One way to maximize the eco-friendly factor of a structure is to include a green roof—and this doesn't refer to the paint color. "Greening" a roof, or covering a roof with vegetation, is gaining popularity in North America, where the number of green roofs increased 30% from 2006 to 2007.
Benefits of green roofs include improved storm water management, energy conservation, reduced noise and air pollution, improved biodiversity, and even a better return on investment than traditional roofing.
But a healthy roof requires the selection of a species that can survive extreme climates and propagate easily to reduce erosion and weed growth. Kristin L. Getter of Michigan State University's Department of Horticulture led a study to determine the effect of the growing medium's depth on the success of green roofs. The research study, published in a recent issue of HortScience, focused on Sedum, a variety of succulent known for its drought tolerance.
Plots were constructed using the drainage mats and waterproofing systems typical of green roofs, but the growing material varied in depth from 4 cm, 7 cm, and 10 cm. Twelve species of Sedum were planted, fertilized, and watered once. The moisture of the growing material was measured at random times each week. Measurements of chlorophyll fluorescence were taken to monitor the health of the plants during a variety of environmental conditions.
Plants were monitored over the course of four years. Since the average lifespan of the inorganic components of a green roof is about 45 years, the researchers determined that it was important to study the longevity of the plants. The study found that the shallowest plot had the lowest moisture levels on average and dried the fastest after a rain. At the 4-cm depth, four species failed to exhibit significant growth over the 4-year period.
Five species showed no or little growth at the 7-cm depth, and six species showed no or little growth at a depth of 10 cm. Some species declined over the 4-year period at the varying depths. The remaining plants that flourished were the same species for all three depths (S. floriferum, S. sexangulare, S. spurium 'John Creech', and S. stefco). The 4-cm depth also included two other species (S. hispanicum and S. reflexum 'Blue Spruce').
Furthermore, the results indicate that, for the surviving and most-abundant species, there is no benefit to depths greater than 7 cm, which would appear to be good news considering shallow depths are more desirable because they make for lighter roof loads. "However, at deeper depths, these plants would likely be healthier, contain greater biomass, and be less susceptible to adverse environmental conditions. This study shows the importance of growing medium depth for plant performance and demonstrates the need for long-term evaluation of species for use in this green practice", concluded the researchers.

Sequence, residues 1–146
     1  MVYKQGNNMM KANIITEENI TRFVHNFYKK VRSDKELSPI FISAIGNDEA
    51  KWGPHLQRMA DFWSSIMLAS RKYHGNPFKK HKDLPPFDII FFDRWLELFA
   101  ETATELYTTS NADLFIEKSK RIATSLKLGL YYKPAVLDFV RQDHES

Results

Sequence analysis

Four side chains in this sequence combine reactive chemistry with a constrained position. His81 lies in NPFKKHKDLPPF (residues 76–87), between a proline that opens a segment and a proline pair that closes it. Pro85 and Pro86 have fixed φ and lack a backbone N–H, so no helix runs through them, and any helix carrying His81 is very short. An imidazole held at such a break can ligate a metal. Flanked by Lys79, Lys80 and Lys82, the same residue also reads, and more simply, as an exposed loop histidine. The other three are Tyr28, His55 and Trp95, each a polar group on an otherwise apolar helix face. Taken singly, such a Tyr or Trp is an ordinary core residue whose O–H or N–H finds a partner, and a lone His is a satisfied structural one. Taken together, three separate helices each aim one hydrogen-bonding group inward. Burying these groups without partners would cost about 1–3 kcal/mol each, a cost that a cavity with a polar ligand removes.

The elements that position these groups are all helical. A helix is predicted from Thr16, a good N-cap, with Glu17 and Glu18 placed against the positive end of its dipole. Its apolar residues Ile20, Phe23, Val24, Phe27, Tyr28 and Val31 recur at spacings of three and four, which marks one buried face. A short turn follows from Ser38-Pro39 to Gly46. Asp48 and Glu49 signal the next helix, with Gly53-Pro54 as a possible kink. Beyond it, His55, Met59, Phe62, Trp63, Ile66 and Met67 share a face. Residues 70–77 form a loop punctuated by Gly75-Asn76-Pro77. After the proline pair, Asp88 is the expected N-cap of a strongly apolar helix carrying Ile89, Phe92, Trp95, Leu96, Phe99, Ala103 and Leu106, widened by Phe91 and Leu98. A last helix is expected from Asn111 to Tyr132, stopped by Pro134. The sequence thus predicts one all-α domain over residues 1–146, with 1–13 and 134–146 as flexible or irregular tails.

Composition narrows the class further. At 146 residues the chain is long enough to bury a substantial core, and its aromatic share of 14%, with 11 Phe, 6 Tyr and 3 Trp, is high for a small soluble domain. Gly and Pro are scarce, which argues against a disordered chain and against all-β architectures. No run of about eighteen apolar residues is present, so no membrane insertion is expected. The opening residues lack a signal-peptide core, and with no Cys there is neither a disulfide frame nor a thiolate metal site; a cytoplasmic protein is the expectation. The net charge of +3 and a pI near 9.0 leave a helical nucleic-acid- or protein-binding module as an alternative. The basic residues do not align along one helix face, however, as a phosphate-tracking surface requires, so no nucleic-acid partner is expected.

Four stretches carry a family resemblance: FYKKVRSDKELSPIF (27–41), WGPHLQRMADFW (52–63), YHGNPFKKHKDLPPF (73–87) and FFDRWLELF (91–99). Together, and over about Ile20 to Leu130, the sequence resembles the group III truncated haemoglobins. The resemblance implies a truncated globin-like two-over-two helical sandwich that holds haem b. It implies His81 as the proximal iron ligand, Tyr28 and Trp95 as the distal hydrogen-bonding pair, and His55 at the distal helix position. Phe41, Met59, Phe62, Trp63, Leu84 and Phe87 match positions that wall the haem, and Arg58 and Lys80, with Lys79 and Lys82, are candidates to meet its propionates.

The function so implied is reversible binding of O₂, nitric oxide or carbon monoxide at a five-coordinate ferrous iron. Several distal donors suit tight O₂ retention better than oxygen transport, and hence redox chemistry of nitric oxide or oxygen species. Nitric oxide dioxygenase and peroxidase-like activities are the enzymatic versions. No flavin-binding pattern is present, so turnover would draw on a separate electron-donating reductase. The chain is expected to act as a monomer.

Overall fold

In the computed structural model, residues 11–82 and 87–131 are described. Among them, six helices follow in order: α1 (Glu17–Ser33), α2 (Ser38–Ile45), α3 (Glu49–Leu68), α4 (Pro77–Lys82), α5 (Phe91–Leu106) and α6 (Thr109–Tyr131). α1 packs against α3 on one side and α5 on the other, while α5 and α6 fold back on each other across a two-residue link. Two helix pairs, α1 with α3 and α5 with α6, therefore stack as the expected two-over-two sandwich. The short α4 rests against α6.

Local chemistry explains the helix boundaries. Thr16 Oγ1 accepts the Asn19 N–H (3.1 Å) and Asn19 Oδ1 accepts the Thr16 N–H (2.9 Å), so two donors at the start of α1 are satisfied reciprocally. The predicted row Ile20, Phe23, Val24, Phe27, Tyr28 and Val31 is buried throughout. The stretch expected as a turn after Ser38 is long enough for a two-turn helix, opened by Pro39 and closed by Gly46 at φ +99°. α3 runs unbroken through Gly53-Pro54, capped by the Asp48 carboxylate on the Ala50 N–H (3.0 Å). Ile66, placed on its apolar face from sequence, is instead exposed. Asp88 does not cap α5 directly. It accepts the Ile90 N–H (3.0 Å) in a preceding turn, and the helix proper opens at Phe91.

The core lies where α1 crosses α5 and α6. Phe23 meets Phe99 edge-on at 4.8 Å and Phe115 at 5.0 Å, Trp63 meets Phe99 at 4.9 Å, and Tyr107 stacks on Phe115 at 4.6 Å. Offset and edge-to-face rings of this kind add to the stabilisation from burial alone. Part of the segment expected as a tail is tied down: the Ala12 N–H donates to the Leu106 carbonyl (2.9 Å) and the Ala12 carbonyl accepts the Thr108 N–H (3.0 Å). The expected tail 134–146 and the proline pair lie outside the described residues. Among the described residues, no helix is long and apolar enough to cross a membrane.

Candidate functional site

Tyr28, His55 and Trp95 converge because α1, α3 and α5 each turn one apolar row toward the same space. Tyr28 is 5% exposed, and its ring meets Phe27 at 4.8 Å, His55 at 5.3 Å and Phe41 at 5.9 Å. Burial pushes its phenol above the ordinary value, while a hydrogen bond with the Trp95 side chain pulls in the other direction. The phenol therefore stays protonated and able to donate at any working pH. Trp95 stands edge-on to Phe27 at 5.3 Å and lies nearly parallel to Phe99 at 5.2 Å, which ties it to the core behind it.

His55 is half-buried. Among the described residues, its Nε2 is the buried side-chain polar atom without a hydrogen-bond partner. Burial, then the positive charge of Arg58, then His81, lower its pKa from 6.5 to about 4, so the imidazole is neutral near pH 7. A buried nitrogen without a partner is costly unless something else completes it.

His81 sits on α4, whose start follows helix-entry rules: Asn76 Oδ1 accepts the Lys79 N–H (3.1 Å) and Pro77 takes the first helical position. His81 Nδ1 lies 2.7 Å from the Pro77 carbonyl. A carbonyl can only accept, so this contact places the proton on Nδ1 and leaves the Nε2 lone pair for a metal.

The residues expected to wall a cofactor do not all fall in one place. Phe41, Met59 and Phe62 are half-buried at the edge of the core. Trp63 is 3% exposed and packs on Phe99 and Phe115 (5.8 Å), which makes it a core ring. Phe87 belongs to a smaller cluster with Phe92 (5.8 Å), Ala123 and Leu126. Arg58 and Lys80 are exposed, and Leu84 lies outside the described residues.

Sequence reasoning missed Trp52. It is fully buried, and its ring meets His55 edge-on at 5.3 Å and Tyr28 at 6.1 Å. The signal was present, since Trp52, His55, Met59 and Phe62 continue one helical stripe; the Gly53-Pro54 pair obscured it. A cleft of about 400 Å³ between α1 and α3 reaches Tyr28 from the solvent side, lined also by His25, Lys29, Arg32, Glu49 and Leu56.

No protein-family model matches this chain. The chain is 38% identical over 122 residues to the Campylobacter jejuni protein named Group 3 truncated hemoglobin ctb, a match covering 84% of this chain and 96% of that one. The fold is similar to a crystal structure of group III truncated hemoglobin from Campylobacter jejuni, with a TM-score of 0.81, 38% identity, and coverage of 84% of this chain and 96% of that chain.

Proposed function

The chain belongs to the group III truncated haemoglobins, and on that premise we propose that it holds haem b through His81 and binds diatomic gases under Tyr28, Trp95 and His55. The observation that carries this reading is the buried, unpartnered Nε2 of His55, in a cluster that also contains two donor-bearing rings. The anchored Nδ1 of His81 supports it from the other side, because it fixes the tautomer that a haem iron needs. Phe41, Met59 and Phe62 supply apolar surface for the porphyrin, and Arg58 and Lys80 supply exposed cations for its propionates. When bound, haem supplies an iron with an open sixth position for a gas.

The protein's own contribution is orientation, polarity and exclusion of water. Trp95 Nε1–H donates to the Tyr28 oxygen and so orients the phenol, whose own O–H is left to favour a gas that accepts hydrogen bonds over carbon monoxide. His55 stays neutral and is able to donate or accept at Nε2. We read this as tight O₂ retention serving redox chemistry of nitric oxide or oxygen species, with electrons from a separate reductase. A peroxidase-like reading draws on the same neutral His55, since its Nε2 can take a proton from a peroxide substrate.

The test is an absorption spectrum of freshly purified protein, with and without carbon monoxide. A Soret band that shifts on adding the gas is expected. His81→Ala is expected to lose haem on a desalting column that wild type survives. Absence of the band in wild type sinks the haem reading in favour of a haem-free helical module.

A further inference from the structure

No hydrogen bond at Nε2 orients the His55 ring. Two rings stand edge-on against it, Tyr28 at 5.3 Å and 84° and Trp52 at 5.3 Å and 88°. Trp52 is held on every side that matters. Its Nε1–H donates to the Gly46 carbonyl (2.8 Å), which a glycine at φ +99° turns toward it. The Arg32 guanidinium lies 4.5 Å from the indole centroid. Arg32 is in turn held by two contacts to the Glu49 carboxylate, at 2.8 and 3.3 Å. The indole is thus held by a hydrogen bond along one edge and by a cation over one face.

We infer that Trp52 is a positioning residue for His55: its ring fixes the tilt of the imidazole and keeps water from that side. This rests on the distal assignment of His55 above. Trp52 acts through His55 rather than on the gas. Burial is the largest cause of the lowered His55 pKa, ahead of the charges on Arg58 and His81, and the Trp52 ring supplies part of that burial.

The complete study and abstract are available on the ASHS Hortscience electronic journal web site: http://hortsci.ashspublications.org/cgi/content/abstract/44/2/401
Founded in 1903, the American Society for Horticultural Science (ASHS) is the largest organization dedicated to advancing all facets of horticultural research, education, and application.
Michael W. Neff | EurekAlert!
Dispersal of Fish Eggs by Water Birds – Just a Myth?
19.02.2018 | Universität Basel
Removing fossil fuel subsidies will not reduce CO2 emissions as much as hoped
08.02.2018 | International Institute for Applied Systems Analysis (IIASA)
For the first time, a team of researchers at the Max-Planck Institute (MPI) for Polymer Research in Mainz, Germany, has succeeded in making an integrated circuit (IC) from just a monolayer of a semiconducting polymer via a bottom-up, self-assembly approach.
In the self-assembly process, the semiconducting polymer arranges itself into an ordered monolayer in a transistor. The transistors are binary switches used...
Breakthrough provides a new concept of the design of molecular motors, sensors and electricity generators at nanoscale
Researchers from the Institute of Organic Chemistry and Biochemistry of the CAS (IOCB Prague), Institute of Physics of the CAS (IP CAS) and Palacký University...
For photographers and scientists, lenses are lifesavers. They reflect and refract light, making possible the imaging systems that drive discovery through the microscope and preserve history through cameras.
But today's glass-based lenses are bulky and resist miniaturization. Next-generation technologies, such as ultrathin cameras or tiny microscopes, require...
Scientists from the University of Zurich have succeeded for the first time in tracking individual stem cells and their neuronal progeny over months within the intact adult brain. This study sheds light on how new neurons are produced throughout life.
The generation of new nerve cells was once thought to taper off at the end of embryonic development. However, recent research has shown that the adult brain...
Theoretical physicists propose to use negative interference to control heat flow in quantum devices. Study published in Physical Review Letters
Quantum computer parts are sensitive and need to be cooled to very low temperatures. Their tiny size makes them particularly susceptible to a temperature...
15.02.2018 | Event News
13.02.2018 | Event News
12.02.2018 | Event News
19.02.2018 | Materials Sciences
19.02.2018 | Materials Sciences
19.02.2018 | Life Sciences